Skill No. 3 is staff communication. As an owner, you need to play the role of the quarterback. You need to help guide your team and navigate the waters of an often-stressful environment. Therefore, communication with team members is important. All staff communication, whether good or bad, has to be addressed immediately. This prevents any long-term resentments between all team members. Thus, you need to communicate in an open fashion while being respectful of the needs of the team. That means if a team member did something wrong, you address it immediately. I often address negative situations between team members in a one-on-one setting. You can mediate a conflict between team members in a private setting as well. However, when a team member goes out of their way to do something extraordinary, you should address that publicly and offer praise. For example, team praise can occur during weekly or monthly staff meetings. This will create a level of respect that staff appreciates.
Skill No. 4 is financial education. Unfortunately, dental school may not fully address the realities of owning a business. If you are comfortable with treating patients, have amazing staff, and are ready to rock and roll, you still need to know your numbers. Many practice management consultants will have you focus on the top line, meaning collections. The theory is that if you focus on top-line growth, then you’ll take home more money. Right? Unfortunately, I believe it’s wrong. Collections are not guaranteed, even if you introduce new clinical procedures into the mix. Think about COVID and how no one could have anticipated dental offices being closed for months at a time. However, fixed and variable expenses are typically guaranteed. You have to pay rent, staff salaries, insurance, supplies and lab costs, etc. Most dental practices run at a 72% overhead. That means even when you ramp up production, your overhead may go up. Therefore, I prefer to focus on the bottom line. That means I focus on my profit, which is my collections minus expenses. I do this by decreasing my expenses as much as reasonably possible. If you decrease your overhead from 72% to 60%, you take home an additional 12% without performing any additional procedures or without increasing your clinical hours. You can do this by ensuring your supplies, labs and other expenses are better than industry standards and by working with a dental consulting group.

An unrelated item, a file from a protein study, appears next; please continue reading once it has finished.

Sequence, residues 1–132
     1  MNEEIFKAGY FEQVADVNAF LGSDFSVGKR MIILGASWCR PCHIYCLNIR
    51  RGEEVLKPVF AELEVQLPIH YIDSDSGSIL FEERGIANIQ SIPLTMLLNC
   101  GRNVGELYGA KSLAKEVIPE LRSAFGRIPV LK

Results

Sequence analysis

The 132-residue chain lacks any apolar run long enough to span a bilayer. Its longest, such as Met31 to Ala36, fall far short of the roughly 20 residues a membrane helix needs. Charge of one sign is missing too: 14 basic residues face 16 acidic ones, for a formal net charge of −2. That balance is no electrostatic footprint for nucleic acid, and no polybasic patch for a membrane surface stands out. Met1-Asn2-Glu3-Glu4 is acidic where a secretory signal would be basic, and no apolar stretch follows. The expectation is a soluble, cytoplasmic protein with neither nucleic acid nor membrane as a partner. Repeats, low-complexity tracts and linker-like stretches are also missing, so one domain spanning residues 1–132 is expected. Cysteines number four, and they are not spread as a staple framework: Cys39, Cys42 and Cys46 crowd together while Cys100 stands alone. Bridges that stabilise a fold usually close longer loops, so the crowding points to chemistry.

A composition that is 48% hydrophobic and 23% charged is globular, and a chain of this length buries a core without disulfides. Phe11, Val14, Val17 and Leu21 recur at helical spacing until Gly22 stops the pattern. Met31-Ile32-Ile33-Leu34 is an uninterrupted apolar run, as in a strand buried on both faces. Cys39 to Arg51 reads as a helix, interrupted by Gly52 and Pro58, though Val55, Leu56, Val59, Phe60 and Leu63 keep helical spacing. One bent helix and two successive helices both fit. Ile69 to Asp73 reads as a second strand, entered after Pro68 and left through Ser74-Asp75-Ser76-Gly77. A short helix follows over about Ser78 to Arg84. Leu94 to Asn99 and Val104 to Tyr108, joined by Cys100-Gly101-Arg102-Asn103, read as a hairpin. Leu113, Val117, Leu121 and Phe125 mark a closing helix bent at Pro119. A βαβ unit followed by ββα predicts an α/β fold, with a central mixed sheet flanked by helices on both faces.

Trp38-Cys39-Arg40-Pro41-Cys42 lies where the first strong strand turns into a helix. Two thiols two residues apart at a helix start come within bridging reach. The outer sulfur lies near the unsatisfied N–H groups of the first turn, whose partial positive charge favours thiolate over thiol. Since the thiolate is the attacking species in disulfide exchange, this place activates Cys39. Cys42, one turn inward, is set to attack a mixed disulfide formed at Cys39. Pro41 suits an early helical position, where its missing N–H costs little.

Skill No. 5 is being brave. Running a business may seem like the scariest thing you’ve ever done. You will face unimaginable scenarios such as staff quitting or “ghosting” you, patients writing bad Google reviews, the lab losing a big case, supply orders going missing, equipment breaking, etc. You have to stay the course and be brave. I often think about what a race car driver or a pilot would do when something goes wrong. You can’t panic, and you can’t show fear in front of patients or staff. You have to be brave and stay the course. Confidence is key, and it’s always in style!
Hopefully, this guide will help you navigate the challenges of running a dental practice and lead you to success. Good luck in your journey!